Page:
Shareholder equity can be either positive or negative. A positive equity figure indicates that the company’s assets exceed its liabilities. Conversely, negative shareholder equity implies that the company’s liabilities surpass its assets, and if this persists, it can signify balance sheet insolvency. Typically, companies with negative shareholder equity are viewed by investors as riskier or less secure investments.
To find equity in business, you can use a simple formula:
Shareholders’ Equity= Total Assets – Total Liabilities
This information is typically found on the balance sheet, and you can follow these steps:
1. Locate the company’s total assets on the balance sheet for the given period.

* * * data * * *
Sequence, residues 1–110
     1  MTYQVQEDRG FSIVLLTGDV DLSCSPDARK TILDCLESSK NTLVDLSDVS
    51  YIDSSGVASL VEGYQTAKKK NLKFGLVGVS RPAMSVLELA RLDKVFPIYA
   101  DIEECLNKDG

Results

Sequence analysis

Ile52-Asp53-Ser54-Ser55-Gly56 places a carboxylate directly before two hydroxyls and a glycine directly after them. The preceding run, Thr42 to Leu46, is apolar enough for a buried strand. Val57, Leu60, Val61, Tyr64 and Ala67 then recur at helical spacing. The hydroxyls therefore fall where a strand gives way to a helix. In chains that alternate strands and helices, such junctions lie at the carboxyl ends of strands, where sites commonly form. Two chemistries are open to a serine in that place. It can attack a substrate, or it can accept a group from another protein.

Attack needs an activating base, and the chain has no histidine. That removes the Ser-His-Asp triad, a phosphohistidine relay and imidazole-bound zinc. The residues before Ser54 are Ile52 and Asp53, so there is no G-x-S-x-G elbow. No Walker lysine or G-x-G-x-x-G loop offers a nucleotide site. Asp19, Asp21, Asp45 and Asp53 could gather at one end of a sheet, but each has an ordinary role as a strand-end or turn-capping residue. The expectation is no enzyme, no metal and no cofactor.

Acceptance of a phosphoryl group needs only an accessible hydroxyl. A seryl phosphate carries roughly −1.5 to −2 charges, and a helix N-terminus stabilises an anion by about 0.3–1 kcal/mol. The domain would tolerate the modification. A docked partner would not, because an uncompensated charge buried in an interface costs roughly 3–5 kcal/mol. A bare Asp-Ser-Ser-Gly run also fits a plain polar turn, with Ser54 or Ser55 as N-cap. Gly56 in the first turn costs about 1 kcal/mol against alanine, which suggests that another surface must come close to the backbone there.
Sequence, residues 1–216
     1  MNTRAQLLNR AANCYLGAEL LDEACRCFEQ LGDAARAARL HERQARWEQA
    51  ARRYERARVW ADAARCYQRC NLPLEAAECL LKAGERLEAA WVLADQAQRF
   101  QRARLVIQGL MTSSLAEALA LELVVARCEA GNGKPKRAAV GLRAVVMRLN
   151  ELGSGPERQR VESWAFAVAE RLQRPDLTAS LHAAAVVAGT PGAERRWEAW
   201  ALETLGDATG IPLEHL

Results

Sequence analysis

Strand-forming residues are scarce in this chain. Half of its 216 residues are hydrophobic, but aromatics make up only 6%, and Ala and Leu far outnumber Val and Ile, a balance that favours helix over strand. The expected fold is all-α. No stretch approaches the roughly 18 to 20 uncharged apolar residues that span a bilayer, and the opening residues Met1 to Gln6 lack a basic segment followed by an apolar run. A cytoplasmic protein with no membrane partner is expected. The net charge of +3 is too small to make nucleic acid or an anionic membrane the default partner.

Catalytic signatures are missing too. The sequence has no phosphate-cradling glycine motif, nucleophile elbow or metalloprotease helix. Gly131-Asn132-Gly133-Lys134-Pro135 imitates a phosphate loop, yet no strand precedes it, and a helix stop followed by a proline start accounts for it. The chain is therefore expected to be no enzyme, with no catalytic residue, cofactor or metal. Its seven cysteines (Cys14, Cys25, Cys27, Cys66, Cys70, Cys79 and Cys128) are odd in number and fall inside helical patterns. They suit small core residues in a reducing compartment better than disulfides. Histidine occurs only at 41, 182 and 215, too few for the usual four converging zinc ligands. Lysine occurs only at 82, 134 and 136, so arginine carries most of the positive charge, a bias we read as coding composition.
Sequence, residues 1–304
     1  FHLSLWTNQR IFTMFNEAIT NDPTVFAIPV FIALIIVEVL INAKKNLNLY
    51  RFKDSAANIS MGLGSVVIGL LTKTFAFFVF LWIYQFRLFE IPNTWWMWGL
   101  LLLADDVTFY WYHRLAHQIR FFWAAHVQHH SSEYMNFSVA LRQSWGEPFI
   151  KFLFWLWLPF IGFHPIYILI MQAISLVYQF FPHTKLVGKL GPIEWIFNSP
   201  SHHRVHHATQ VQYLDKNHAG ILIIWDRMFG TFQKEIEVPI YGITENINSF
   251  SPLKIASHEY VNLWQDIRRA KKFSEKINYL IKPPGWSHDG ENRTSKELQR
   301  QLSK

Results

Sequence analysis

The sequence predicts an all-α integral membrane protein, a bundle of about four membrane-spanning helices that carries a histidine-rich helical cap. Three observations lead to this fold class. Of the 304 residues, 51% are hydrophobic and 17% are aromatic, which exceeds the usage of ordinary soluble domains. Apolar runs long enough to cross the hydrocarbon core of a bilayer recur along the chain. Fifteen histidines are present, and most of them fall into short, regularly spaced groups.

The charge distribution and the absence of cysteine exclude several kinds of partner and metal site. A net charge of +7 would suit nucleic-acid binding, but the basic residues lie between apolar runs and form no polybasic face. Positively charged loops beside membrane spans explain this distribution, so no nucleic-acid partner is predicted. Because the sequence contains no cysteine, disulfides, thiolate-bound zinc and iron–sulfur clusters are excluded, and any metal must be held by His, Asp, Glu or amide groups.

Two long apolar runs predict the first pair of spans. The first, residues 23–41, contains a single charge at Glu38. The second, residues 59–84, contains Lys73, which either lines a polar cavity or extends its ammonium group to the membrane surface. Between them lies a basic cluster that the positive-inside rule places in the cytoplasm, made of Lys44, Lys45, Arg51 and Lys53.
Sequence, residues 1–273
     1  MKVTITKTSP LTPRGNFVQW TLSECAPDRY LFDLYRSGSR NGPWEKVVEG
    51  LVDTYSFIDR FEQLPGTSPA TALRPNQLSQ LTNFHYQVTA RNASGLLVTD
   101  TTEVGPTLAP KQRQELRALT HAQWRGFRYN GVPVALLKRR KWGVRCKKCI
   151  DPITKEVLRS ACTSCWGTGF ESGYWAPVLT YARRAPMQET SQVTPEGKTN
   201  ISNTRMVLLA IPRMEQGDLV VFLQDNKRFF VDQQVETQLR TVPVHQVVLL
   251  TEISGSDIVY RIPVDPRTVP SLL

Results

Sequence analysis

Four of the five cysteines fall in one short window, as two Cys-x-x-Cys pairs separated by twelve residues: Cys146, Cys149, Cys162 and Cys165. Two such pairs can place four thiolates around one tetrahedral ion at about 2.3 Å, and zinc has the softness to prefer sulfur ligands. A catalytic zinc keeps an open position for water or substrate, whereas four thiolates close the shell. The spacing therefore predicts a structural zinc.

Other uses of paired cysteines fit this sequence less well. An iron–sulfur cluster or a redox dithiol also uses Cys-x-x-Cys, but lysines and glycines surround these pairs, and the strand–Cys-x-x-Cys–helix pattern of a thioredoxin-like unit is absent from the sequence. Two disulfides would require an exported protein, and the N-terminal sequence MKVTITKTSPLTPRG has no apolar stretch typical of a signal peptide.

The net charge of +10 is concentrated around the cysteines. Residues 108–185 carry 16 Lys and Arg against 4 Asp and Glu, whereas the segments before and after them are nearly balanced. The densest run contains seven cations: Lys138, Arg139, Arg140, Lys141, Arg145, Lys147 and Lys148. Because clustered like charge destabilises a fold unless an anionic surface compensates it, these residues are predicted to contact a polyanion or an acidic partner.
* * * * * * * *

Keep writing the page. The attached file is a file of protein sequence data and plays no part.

2. Find the total liabilities listed separately on the balance sheet.
3. Subtract total liabilities from total assets to get the shareholder equity.
4. Remember that total assets equal the sum of liabilities and equity.
Shareholder equity can also be expressed as the company’s share capital and retained earnings minus the value of treasury shares, although this method is rare. Both methods provide the same figure, but using total assets and total liabilities gives a better picture of a company’s financial health.
Retained earnings are a part of shareholder equity in business, representing the portion of earnings that haven’t been paid out as dividends. Think of it as a company’s savings account, growing over time as profits are set aside for future use. For well-established companies, retained earnings often become the largest component of shareholder equity.